All children, except one, grow up… Captured live at the National Theatre, a recorded performance of JM Barrie’s much-loved tale screens in cinemas. A delight for children and adults alike, Sally Cookson (NT Live: Jane Eyre) directs this wondrously inventive production, a co-production with Bristol Old Vic theatre.
Stephen Sondheim’s musical is staged for the first time at the National Theatre. New York, 1971: There’s a party on the stage of the Weismann Theatre. Tomorrow the iconic building will be demolished. Thirty years after their final performance, the Follies girls gather to have a few drinks, and lie about themselves.
From the torment of the Hundred Years’ War, the charismatic Joan of Arc carved a victory that defined France. Bernard Shaw's classic play depicts a woman with all the instinct, zeal and transforming power of a revolutionary.
A ship is wrecked on the rocks. Viola is washed ashore but her twin brother Sebastian is lost. Determined to survive on her own, she steps out to explore a new land. So begins a whirlwind of mistaken identity and unrequited love.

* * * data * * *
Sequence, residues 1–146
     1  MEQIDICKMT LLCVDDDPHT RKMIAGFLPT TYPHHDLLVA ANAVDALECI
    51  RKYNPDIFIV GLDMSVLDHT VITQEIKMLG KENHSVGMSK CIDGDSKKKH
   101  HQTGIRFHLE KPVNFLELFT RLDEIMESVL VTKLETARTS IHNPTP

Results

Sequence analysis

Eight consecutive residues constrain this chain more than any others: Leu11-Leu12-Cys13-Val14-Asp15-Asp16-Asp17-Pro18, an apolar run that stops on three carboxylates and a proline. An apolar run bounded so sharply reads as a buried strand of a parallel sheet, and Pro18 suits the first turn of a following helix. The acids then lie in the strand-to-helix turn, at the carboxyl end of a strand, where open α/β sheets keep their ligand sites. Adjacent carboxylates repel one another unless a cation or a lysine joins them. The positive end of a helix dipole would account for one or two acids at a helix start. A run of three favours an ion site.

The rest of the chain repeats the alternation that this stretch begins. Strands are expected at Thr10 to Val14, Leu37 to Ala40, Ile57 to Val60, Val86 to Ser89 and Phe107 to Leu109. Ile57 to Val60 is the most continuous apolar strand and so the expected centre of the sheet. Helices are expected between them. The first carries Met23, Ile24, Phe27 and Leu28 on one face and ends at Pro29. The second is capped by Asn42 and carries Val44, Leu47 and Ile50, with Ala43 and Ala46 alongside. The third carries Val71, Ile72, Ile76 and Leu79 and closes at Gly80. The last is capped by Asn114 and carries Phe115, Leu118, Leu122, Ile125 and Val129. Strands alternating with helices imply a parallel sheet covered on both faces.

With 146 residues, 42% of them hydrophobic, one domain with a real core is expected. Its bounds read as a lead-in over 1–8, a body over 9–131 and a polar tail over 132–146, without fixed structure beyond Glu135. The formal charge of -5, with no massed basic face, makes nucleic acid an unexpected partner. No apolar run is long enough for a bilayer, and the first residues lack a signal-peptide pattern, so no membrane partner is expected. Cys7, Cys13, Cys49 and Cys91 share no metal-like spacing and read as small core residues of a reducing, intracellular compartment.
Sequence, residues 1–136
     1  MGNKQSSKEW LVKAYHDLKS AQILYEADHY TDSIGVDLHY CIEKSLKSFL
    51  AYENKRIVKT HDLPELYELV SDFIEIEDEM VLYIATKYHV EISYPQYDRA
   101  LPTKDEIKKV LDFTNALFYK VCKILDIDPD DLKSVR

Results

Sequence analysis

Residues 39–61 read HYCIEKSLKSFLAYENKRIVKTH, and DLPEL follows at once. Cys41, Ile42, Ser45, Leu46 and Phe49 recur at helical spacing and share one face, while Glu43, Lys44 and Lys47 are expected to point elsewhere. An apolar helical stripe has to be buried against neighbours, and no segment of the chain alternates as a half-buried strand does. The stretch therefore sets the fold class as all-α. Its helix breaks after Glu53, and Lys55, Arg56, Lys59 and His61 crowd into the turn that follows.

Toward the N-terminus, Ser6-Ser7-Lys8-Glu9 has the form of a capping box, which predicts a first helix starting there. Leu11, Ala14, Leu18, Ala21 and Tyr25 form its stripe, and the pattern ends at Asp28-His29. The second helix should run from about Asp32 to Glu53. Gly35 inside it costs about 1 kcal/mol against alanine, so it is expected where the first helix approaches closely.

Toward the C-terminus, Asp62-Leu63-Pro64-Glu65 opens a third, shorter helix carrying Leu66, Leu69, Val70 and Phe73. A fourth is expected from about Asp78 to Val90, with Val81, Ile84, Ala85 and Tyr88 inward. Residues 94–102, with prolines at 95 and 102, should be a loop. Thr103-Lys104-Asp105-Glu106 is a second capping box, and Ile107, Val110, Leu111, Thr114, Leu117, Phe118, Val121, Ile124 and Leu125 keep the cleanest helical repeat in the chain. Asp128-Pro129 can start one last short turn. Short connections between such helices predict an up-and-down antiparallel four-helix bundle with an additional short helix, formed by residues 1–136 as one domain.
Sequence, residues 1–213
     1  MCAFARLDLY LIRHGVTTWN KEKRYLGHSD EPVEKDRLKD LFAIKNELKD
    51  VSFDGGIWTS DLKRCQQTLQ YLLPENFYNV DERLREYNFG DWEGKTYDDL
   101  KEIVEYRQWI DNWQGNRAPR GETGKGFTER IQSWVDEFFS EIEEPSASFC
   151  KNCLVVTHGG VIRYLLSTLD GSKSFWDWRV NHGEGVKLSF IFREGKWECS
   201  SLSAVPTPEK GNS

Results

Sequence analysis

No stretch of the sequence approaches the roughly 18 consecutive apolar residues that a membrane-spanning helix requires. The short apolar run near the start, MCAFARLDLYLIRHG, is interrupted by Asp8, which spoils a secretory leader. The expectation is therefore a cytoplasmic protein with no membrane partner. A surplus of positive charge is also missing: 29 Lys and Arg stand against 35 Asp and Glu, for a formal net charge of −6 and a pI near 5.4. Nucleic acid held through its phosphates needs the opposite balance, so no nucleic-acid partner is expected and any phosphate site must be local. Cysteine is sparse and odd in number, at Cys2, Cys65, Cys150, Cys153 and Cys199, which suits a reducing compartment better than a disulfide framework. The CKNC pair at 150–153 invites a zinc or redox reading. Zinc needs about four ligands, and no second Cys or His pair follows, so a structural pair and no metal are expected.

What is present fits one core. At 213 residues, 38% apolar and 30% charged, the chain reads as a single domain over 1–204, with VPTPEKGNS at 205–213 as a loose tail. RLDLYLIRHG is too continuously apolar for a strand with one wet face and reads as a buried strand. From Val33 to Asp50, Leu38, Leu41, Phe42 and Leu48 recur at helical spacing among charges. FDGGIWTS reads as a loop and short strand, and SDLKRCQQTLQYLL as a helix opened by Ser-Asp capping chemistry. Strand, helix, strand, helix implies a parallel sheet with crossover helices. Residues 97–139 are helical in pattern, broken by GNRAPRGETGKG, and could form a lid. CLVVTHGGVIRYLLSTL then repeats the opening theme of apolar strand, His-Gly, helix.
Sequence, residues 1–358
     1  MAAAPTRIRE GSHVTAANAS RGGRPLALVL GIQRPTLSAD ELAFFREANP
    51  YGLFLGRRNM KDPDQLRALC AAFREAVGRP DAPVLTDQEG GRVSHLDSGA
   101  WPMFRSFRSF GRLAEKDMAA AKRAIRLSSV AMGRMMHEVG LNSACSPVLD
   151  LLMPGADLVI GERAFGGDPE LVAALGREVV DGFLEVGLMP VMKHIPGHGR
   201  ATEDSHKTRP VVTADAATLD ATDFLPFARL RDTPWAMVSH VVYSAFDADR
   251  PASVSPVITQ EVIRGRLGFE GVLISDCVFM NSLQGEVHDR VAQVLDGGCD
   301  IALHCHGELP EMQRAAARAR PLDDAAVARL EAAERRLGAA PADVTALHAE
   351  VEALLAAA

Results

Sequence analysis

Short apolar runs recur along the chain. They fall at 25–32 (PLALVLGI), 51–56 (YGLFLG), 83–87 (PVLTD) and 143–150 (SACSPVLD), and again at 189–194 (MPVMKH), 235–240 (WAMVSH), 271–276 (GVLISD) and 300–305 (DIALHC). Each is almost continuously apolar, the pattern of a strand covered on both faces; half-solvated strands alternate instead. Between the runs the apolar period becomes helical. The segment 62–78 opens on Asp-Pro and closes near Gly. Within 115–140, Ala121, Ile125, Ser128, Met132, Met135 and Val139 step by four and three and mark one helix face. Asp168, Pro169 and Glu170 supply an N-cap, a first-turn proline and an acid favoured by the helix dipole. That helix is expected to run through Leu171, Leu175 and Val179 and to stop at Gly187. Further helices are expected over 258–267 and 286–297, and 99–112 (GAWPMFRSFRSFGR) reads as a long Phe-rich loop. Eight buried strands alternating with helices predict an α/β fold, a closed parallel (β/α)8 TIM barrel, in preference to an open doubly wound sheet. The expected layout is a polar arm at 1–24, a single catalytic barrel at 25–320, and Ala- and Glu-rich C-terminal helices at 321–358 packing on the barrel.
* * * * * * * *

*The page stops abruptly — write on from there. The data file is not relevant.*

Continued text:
In the early hours of the morning on the campus of an American college, Martha, much to her husband George’s displeasure, has invited the new professor and his wife to their home for some after-party drinks. As the alcohol flows and dawn approaches, the young couple are drawn into George and Martha’s toxic games.
The story has been told before, but never like this. An occupied desert nation. A radical from the wilderness on hunger strike. A girl whose mysterious dance will change the course of the world.
The incredible Billie Piper (Penny Dreadful, Great Britain) returns in her award-winning role. A young woman is driven to the unthinkable by her desperate desire to have a child in Simon Stone’s radical production of Lorca’s achingly powerful masterpiece.
The story follows the destruction of a marriage through consuming jealousy, the abandonment of a child and a seemingly hopeless love. Yet, through remorse and regret – and after a seemingly miraculous return to life – the ending is one of forgiveness and reconciliation.
Leonard Bernstein was one of the first classical composers in America to achieve both popular and critical acclaim. He was eclectic in his sources – drawing on jazz and modernism, the traditions of Jewish music and the Broadway musical – and many of Bernstein’s scores are remarkably well suited to dance.
Brick and Maggie dance round the secrets and sexual tensions that threaten to destroy their marriage. With the future of the family at stake, which version of the truth is real – and which will win out?